What is the difference/relationship between BPT, Mental Accounting, and GBI?


i know these are related but unsure exactly the relationship between behavioral portfolio theory, mental accounting, and goal based investing. Is behavioral portfolio theory a theory which utilizes the mental accounting bias to explain how biased portfolios are formed? And then goal based investing is how an investment manager can accommodate the mental accounting bias?

thanks for any and all help…

Anyone know this?

My interpretation is BPT allocates assets to goals - an individual will have a high proportion of v low risk bonds it sees as retirement funding, and then another layer of high risk (spread betting account) which is for speculative gain.

Mental accounting involves separating the sources of wealth - current income, future income, income from assets. The consumption of these different sources differs:

  • An investor may spend all his income from his salary, but save all his dividend income for example. A rational investor would treat all sources as fungible and maximise his utility over his entire portfolio (including potentially borrowing against future income to fund current expenditure)

Would appreciate if anyone has a better distinction between the two though!

I wouldnt consider them exclusive, BPT involves mental accounting. Mental accounting is the process of layering your investments with specific goals (i.e spend current income, do not touch retirement accounts etc). BPT is a methodology that incorporates mental accting in constructing the layers and importance of said layers, but goes further into the process by identifying utility functions and allocating accordinly. In the end, the portfolio will likely deviate from an efficient portfolio bc of mental accounting.

so, in summation, just as markowitz incorporates utility function into portfolio construction, bpt incorporates mental accting. GL mate

In my notes I noted that behavioral portfolio theory focuses on the differences between that and rational portfolio theory, where effects such as mental accounting take place.

I also noted that goals based investing is incorporated into behavioral portfolio theory, and that that and BPT helps to explain the polarization of risk characters in a portfolio by disregarding the covariance amongst the assets.

One of my undergrad paper was on behavioural finance, so I think I have a lot to say, and I will try to explain this in a systematic way.

Modern Portfolio Theory is a normative theory which suggests that a rational investor should maximize the utility function by invest in an efficient portfolio through diversification. Anything that prevents constructing such portfolio, such as mental accounting, are an irrational behaviour, and an rational investor won’t do that. However, the discovery of market anomalies, and those irrational behaviours that caused those anomalies contradicts the rational assumption of the Efficient Market Hypothesis. Thus, come the behaviouralists.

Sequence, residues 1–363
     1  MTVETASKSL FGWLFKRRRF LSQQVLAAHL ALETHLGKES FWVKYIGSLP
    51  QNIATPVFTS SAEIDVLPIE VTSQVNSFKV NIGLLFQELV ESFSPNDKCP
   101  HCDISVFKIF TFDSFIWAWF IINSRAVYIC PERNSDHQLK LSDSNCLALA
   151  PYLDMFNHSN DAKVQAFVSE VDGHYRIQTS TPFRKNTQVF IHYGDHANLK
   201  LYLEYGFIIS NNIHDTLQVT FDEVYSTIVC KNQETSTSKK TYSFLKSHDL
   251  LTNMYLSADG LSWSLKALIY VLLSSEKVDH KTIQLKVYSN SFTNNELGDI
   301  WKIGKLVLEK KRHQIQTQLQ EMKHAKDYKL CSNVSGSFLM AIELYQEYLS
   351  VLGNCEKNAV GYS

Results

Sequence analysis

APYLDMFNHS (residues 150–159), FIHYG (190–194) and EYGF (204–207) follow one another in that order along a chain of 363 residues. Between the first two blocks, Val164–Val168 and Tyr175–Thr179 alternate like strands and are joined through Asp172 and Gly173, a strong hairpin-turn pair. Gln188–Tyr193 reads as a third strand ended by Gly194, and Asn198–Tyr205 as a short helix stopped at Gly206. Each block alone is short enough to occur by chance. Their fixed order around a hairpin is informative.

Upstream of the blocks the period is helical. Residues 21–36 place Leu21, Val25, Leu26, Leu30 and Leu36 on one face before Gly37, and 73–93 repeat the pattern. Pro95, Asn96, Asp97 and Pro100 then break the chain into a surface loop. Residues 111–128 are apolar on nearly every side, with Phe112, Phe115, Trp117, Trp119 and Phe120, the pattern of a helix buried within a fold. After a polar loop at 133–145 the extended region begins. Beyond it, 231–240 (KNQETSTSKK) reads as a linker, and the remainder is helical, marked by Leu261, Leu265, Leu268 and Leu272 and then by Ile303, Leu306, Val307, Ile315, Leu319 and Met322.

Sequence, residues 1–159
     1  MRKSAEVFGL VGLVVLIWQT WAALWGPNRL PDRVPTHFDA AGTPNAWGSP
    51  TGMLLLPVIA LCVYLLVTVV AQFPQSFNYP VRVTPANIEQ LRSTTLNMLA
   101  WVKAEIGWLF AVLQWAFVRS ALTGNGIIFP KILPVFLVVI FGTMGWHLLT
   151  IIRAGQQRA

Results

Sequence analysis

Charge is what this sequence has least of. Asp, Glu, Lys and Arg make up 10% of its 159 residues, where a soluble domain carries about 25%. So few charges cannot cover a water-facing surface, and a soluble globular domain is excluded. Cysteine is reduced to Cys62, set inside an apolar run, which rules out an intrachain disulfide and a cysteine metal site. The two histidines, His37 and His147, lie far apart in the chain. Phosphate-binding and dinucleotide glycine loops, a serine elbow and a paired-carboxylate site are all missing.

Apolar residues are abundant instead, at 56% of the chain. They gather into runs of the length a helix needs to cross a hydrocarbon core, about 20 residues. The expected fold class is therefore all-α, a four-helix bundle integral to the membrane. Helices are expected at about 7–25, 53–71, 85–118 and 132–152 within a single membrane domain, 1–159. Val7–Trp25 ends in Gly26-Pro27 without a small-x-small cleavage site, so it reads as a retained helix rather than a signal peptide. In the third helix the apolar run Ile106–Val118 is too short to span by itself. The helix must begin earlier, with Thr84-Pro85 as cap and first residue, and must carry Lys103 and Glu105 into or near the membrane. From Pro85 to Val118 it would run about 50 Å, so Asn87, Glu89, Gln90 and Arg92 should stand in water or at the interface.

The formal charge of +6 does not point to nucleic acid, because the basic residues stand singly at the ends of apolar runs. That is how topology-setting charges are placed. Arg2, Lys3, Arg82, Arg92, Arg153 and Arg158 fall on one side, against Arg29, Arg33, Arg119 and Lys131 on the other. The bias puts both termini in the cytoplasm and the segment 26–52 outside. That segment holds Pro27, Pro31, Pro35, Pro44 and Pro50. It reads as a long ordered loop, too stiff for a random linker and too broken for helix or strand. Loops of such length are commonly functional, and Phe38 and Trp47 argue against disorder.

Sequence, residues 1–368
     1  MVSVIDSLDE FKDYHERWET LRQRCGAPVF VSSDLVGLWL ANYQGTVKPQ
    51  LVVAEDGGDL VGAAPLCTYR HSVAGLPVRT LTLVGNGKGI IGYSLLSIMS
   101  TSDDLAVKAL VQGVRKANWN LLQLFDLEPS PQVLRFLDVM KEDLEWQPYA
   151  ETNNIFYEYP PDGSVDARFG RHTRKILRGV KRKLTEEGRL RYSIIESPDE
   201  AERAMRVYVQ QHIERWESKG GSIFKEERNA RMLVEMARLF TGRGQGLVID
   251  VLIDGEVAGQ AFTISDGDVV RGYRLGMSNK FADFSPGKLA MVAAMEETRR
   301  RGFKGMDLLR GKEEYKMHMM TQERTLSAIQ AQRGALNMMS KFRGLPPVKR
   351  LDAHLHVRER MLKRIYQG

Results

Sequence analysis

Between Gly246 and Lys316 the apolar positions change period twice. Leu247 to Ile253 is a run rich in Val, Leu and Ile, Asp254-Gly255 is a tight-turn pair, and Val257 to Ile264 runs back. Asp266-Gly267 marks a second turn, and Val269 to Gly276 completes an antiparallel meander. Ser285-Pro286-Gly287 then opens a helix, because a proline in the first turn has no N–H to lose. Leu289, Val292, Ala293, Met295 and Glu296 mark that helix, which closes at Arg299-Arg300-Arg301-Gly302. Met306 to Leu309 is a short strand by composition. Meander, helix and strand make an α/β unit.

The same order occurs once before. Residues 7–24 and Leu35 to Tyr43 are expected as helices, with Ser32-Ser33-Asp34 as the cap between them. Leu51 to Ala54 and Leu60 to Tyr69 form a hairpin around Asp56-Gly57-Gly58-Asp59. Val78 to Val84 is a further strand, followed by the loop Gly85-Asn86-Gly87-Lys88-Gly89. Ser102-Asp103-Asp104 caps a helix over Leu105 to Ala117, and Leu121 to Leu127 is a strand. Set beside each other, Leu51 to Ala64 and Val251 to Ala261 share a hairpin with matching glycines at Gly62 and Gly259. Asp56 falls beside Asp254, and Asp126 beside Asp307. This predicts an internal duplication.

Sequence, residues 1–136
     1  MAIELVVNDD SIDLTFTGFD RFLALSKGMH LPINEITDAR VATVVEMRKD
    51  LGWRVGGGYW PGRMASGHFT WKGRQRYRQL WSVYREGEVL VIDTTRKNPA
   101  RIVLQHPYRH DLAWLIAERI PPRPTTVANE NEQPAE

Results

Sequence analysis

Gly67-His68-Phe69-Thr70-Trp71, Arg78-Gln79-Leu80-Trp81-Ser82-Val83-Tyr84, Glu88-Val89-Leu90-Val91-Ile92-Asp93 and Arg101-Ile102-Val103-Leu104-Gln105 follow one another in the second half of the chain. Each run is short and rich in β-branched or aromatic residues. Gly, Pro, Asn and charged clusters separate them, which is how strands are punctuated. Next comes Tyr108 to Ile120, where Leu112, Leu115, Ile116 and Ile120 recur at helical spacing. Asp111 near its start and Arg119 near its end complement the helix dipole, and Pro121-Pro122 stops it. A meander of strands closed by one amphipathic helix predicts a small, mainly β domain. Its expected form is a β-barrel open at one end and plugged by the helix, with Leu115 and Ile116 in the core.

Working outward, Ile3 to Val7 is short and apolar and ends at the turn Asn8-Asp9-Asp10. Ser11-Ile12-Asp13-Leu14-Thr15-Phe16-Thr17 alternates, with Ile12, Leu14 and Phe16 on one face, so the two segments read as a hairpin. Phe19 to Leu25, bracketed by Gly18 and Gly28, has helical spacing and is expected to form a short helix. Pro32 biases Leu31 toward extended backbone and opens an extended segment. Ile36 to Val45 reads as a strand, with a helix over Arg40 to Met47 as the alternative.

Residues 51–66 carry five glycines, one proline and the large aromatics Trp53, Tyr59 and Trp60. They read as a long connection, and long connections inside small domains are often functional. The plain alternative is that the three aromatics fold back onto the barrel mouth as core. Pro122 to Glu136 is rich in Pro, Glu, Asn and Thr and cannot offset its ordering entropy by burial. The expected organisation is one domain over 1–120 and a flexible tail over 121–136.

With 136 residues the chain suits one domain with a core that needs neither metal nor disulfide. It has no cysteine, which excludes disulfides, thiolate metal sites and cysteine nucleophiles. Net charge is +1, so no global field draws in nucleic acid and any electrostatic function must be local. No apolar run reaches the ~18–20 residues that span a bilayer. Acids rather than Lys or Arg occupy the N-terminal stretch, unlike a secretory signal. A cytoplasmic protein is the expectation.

Theories and hypotheses developed by behaviouralists are mostly positive theories. Instead of telling you what an investor should do, Behavioural Portfolio Theory, Adaptive Market Hypothesis as well as other positive theories developed by behaviouralists, are trying to explain what the investors are actually doing and why are they doing. Maximizing the utility function was not even the concern in the Behavioural Finance realm, as it is in the Modern Finance realm. In fact, if you recall, the utility function was being replaced by the value function in the perspective theory, which most behavioural theories are based on.

Now here is the point where I sort disagree with CFA curriculum. Behavioural Portfolio Theory (as well as other behavioural theories) provides explanations, not guidances, to investment practices such as dividing your investment into different layers to meet your goals. Otherwise, they won’t be called positive theories. Behavioural investment practices, such as goal-based investing, predates the theories. Logically it make more senses to say that the theories were developed afterwards, to explain the phenomenon. (Because they are positive theories.) On the other hand, modern portfolio theories developed first, then follows the practice of utilizing the knowledge of efficient frontier, CAMP, diversification, etc, to construct a portfolio. (Because they are normative theories.) Some examples in CFA curriculum are trying to make the positive theories into normative, and to me, there are some problem with the methodology they are using, and especially, the logic seems flawed, but that’s for another time.

If I were to explain, the logic goes like this. Mental accounting were discovered as one of the causes of irrational investment behaviours, which cause market anomalies that shouldn’t have happened in an efficient market. The practice of goal-based investing has long existed and are considered irrational under modern finance. The behavioural portfolio theory explains that there is a reason for goal-based investing to exist; it’s not a matter of rational or irrational, as judged by whether the utility function is maximized, but rather, the value function is maximized because of goal-based investing.

As a note, Modern Portfolio Theory, along with Modigliani and Miller Propositions, and others are the dominant theories in Modern Finance. Together they make the school of Modern Finance. Whereas Behavioural portfolio theory and others are competing theories in Behavioural Finance. None of them had the dominance yet, which is one of the major reasons behavioural finance being criticized a lot by modern finance theorists such as Eugene Fama.

In short, two types of theories, two realms. Hope helps.